It might not knock Coldplay or Kanye West off the top of charts, but physicists who say they have cracked the riddle of 'singing' sand dunes are compiling a CD of sand music. The team say their new theory allows them to predict the notes that different dunes will make.
Sand dunes in certain parts of the world are notorious for the noises they make as sand avalanches down their sides. Some emit low powerful booms, others sound like drum rolls or galloping horses, and some are even tuneful. These dune songs have been reported to last for up to 15 minutes and can sound as loud as a low-flying aeroplane. Physicists know it is the avalanches that set the grains humming, but the precise mechanism has remained controversial.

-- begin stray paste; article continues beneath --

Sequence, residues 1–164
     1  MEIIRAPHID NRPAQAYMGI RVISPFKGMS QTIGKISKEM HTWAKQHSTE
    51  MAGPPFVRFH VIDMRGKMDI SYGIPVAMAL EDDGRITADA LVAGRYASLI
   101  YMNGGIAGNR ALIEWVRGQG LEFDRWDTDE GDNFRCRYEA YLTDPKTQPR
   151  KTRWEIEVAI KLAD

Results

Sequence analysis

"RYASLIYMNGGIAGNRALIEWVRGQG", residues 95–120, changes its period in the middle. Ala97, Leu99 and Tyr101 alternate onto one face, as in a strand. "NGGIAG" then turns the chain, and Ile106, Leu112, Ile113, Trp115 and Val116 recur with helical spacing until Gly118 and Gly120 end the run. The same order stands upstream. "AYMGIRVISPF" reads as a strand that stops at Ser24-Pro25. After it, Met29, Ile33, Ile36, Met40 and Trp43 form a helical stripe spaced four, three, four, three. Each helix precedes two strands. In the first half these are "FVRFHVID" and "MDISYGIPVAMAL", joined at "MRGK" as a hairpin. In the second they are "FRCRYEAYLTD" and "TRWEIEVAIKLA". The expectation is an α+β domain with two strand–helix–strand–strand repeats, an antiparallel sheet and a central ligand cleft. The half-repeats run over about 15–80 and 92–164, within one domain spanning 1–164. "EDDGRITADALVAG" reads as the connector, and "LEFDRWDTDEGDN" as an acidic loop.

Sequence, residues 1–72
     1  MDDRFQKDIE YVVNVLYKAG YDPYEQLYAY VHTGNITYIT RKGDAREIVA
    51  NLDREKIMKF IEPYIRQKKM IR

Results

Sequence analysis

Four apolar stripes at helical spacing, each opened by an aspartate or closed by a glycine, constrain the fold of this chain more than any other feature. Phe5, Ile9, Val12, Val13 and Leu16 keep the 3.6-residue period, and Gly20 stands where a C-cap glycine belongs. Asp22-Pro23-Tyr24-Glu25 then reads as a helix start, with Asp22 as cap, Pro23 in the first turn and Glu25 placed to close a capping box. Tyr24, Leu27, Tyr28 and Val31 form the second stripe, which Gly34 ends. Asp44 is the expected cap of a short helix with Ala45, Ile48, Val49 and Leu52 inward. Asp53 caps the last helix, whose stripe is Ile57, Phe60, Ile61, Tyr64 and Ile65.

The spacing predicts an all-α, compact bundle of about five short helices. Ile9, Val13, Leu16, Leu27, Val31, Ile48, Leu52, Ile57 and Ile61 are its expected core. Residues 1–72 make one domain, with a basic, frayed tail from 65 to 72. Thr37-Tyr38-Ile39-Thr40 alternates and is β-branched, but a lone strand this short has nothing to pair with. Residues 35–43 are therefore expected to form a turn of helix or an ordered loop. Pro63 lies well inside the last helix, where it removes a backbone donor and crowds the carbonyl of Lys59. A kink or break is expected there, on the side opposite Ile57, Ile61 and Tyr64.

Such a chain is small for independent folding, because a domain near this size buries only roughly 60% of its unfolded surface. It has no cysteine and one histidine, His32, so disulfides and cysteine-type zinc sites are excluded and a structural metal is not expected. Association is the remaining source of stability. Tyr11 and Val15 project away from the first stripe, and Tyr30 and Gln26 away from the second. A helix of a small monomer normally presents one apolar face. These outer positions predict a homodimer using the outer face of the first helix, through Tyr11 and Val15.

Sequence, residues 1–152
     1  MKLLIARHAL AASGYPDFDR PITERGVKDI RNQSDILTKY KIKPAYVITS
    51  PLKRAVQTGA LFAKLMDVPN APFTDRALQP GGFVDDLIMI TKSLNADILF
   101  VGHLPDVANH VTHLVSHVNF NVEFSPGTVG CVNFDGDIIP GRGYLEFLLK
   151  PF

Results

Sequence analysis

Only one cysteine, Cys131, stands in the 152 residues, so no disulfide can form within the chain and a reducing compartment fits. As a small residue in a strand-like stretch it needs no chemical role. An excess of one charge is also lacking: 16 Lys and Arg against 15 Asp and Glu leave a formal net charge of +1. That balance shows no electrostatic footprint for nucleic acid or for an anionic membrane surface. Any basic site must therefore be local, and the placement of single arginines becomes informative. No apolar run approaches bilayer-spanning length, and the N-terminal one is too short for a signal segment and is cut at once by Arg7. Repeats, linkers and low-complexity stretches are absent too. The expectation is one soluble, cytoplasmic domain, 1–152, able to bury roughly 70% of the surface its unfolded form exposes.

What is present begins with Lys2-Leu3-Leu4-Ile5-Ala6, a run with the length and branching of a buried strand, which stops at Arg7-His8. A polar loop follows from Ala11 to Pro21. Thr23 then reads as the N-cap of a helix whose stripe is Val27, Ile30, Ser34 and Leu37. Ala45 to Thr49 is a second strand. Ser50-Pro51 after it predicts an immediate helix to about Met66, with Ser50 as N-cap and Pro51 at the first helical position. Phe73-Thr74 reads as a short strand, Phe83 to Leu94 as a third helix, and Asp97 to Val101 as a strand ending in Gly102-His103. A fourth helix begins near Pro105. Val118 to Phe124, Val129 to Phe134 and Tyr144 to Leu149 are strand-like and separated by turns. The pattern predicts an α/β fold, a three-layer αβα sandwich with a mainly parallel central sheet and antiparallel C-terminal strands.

St�phane Douady of the French national research agency CNRS and his colleagues shipped sand from Moroccan singing dunes back to his lab to investigate. They found that they could play notes by pushing the sand by hand, or with a metal handle. That put to rest one theory that the noise was the result of the entire dune resonating.
You might think that orchestrating a sand dune is the height of musical eccentricity. You would be wrong...